OT (Operational Technology) and IT (Information Technology) appear as two pillars in the foundations of modern life. Although IT is a concept we often hear about, the same is not yet true for OT. But from a security perspective, it may be even more critical.

Operational technology (OT) systems utilize similar tools to IT environments but are tailored for different purposes, mainly interacting with other machines such as Industrial Control Systems (ICS) to ensure their proper functioning and meet stringent uptime requirements.

Traditionally, IT and OT networks operated separately, with OT systems often running legacy software and being “air-gapped” from the internet and IT networks to protect against cyber threats.

An air-gapped network is typically completely divided by outer networks in physical methods. Therefore, only via a human operator these systems communicate with other networks. (Image: Belden)

An air-gapped network is typically completely divided by outer networks in physical methods. Therefore, only via a human operator these systems communicate with other networks. (Image: Belden)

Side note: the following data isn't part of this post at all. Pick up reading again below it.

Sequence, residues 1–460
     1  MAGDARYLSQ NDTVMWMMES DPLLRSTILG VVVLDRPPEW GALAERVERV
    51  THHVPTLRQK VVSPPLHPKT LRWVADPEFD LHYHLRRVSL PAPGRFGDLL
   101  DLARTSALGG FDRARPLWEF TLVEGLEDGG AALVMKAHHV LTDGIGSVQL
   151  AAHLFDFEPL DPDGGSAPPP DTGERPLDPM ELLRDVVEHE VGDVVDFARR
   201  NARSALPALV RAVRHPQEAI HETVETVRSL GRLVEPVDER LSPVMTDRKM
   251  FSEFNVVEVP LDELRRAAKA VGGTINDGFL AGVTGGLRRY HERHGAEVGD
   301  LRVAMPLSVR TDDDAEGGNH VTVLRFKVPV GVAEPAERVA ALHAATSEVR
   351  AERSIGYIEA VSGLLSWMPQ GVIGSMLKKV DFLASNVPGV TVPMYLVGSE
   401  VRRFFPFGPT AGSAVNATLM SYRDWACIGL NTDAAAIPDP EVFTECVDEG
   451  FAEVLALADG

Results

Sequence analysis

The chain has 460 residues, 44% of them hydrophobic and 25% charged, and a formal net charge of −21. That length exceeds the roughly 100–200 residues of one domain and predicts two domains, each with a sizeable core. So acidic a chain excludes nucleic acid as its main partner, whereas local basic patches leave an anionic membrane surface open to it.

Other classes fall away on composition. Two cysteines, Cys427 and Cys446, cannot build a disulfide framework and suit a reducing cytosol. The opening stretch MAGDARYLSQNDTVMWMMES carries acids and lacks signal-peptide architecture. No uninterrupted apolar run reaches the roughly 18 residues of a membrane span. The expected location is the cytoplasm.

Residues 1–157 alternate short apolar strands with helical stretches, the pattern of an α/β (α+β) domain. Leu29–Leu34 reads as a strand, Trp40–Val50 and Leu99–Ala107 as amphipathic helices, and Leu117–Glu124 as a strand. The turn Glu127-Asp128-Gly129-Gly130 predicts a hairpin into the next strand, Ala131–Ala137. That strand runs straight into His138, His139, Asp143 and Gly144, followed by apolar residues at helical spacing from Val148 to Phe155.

However, the advent of the Industrial Internet of Things (IIoT) has led to the dissolution of this air gap, enabling remote monitoring and management of industrial processes. Consequently, bridging this physical network disconnect has become essential, necessitating specialized Operational Technology (OT) and IoT security solutions.

What are the Information Technology (IT) & Operational Technology (OT) Differences?

Operational Technology (OT) security addresses the unique requirements of OT environments, prioritizing system availability and understanding OT-specific protocols while mitigating targeted attacks and malware infections.

OT systems have prolonged life cycles compared to IT systems, often spanning decades, presenting challenges in maintaining security measures for outdated infrastructure. Additionally, some OT systems are heavily regulated, further complicating security management.

IT/OT Components (Image:ZippyOps)

IT/OT Components (Image:ZippyOps)

As OT assets increasingly connect to the internet, they become susceptible to web-borne threats, posing significant risks to Industrial Control Systems (ICS) and potentially leading to severe consequences for organizations.

What are the Operational Technology (OT) Components?

Operational Technology devices are utilized in industrial environments and critical infrastructure sectors. The components of OT and industrial networks form a powerful ecosystem for industrial control and monitoring.